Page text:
1919 Actors' Equity calls the longest strike in American theatre history. Francis Bacon's Lightin' and 12 other Broadway shows go dark as the fledgling union's struggle for recognition moves to the picket lines. Four days later, the chorus in Florenz Ziegfeld, Jr.'s Follies form Chorus Equity and elect Marie Dressler as their first President. After 30 days, 37 closed productions and 16 prevented openings, and a loss of $3 million, the strike is settled and managers sign a five year contract. Responding to Equity's call for recognition, producer/director/actor George M. Cohan said "I will drive an elevator for a living before I will do business with any actors’ union." A sign later appeared in Times Square saying "Elevator Operator Wanted: George M. Cohan need not apply."
1950 Two-time Academy Award-winning actress Luise Rainer stars in a revival of Henrik Ibsen's The Lady from the Sea as part of the Festival Theatre's season at the Fulton Theatre. Directed by Sam Wanamaker, the cast also includes husband and wife actors Eli Wallach and Anne Jackson.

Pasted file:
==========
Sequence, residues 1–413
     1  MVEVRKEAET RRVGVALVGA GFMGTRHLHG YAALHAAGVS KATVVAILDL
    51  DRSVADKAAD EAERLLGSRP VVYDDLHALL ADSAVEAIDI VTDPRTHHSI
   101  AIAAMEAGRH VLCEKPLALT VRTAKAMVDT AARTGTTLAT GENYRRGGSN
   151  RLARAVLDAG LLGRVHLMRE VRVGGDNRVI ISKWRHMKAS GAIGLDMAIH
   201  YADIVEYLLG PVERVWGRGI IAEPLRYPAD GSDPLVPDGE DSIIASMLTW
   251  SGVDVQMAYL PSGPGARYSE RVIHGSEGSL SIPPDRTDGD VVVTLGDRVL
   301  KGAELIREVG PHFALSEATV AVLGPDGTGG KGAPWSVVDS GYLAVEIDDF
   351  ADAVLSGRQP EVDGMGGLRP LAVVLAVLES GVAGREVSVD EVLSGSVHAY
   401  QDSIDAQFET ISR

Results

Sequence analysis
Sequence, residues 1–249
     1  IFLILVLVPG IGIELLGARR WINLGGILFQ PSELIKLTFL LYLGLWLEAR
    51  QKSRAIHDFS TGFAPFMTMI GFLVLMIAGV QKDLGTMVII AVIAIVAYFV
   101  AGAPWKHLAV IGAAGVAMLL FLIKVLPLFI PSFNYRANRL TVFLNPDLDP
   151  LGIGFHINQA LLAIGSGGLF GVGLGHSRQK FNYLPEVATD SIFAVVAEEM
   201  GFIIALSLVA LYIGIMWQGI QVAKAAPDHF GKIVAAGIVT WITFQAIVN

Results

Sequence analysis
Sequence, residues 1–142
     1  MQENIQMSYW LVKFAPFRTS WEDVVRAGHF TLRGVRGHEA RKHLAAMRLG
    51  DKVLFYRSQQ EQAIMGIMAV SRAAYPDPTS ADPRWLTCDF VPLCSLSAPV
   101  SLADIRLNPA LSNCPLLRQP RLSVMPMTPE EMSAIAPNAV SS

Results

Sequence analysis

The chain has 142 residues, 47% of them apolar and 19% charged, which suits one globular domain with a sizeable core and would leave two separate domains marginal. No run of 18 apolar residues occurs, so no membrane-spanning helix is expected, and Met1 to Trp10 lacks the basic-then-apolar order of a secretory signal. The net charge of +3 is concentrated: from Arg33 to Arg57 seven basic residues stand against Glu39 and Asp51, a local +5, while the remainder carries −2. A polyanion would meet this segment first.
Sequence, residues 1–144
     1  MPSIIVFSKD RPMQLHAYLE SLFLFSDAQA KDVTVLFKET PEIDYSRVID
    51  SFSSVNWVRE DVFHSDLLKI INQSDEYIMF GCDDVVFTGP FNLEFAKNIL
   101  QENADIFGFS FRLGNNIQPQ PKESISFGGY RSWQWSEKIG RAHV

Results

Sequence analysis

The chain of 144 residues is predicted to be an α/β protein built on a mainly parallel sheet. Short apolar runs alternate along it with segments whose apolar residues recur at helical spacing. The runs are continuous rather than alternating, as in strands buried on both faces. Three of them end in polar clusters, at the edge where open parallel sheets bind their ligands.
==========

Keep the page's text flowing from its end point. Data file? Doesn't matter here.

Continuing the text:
1965 Tony Award-winning actress Carol Channing says "Goodbye" to the Broadway production of Hello, Dolly! after today's performance. Although Channing will be immortalized as Ms. Dolly Levi (and return to the role in two revivals) the show will also thrive with many new "star" Dollys. Among them are Ginger Rogers (who succeeds Channing the next week), Pearl Bailey, Betty Grable and Ethel Merman, for whom the show was originally written.
1984 David Rabe's Hurlyburly opens at the Ethel Barrymore Theatre on Broadway. Mike Nichols directs a star-studded cast that includes Harvey Keitel, William Hurt, Ron Silver, Jerry Stiller, Cynthia Nixon, Sigourney Weaver and Judith Ivey. The play about show business men trying to find themselves transferred from Off Broadway where Christopher Walken played the role Silver took over. Little known understudy Kevin Spacey will fill in for various of the male roles throughout the run.